On one such planet the elements of carbon, oxygen, nitrogen, etc chain together in such a way that amino acids are created and then proteins.  Eventually, these complex molecules result in single cell organisms.  Darwin then takes over and you get humans and the various flora and fauna of the planet earth.

Physicists have fairly complex computer models that basically confirm that this story is plausible. Plug in an infinitely dense point and what we know about physics and you get something evolves approximately like what I have described above.

So, those computer models that simulate the creation of matter, the birth and resulting death of stars and galaxies.  Computer models that churn vast amounts of data simulating billions and billions of years over the course of weeks and months.  Could those computer models actually be simulating the formation of life?

Does that life actually gain sentience? Could we actually be in a similar computer model?  I know that life as a computer program isn’t really new (though I never saw The Matrix) I’m not sure that it has ever been thought about quite this way.  Is what I am thinking about possible?

Obviously, if it took a Supreme Being to create that trigger than resulted in the proteins that make up life it certainly isn’t possible.  But if you assume that the spark that created life was purely random could we actually be creating the conditions for life every time we run through a Big Band simulation?

I think I have a headache – anyone have an Aleve?

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Saturday, January 31, 2009

Frustration

I totally screwed up my site.  I was playing with alternative templates and downloading the old template didn’t actually back it up the way that I assumed it did.

Now I have to remember all the widgets and links and other crap I had on the site. 

How frustrating.

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If I had to Stimulate This is How I Would Do It

Businesses and consumers are scared to spend because they are uncertain about the future, or so the theory goes.  If someone would just inject a little cash into the system then it would all start moving again.  They key is to get the spending going soon on projects that are “ready to go” and will make good use of idle resources right?

There seems to be a belief that there are a few people (namely ‘the government’) that can figure figure out what resources are idle and knows what projects are just sitting on a shelf ready to implement.  That is clearly incorrect if you look at any of the boondoggles that are part of the current stimulus bill.  It is primary composed of increased departmental budgets and infrastructure projects that will take years (and year) to complete.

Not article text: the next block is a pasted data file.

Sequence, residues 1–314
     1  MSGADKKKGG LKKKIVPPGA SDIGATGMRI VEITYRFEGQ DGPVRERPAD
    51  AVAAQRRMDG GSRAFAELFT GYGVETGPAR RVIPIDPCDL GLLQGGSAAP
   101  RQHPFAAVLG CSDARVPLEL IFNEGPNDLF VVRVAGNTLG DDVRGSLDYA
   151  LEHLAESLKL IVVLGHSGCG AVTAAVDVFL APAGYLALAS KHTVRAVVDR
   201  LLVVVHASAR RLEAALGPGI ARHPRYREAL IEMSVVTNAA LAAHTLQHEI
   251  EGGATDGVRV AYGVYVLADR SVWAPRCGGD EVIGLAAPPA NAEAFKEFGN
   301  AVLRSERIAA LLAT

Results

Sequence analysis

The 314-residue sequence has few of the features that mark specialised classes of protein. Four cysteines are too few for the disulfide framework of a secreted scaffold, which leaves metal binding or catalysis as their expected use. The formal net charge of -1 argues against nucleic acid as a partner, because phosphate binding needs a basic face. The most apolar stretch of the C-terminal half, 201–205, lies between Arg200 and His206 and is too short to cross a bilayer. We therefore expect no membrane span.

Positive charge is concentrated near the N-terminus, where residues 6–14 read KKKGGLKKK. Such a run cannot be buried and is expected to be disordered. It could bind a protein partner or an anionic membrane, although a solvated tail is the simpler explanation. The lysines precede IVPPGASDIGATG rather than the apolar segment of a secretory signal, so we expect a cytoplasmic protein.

If I had to come up with a stimulus bill – let’s leave aside whether or not its necessary – I would attempt to use the private sector  to funnel the money.

There are problems with just giving business a bunch of cash – they use it for things like bonuses, airplanes and 0% interest, putting their competitors that don’t get cash at a disadvantage.  And, call me a fool, I am uncomfortable letting tax dollars go towards picking winners.

Assuming that most companies are like mine, there have been millions and billions of dollars in capital projects that have been postponed because no one knows how bad the economy is going to get or how long the downturn will last.  So there are projects that businesses will think will make them better off that they aren’t pursuing because they are simply trying to conserve cash.

Now you don’t want to just give them money and trust that they will use it in a productive way – but the government could match any capital spend that a business decides to undertake.  There are a lot of productivity projects ready to go, we cut capital in half and there are probably twice that many projects that were proposed.  (unlike government, the private sector actually has to make choices).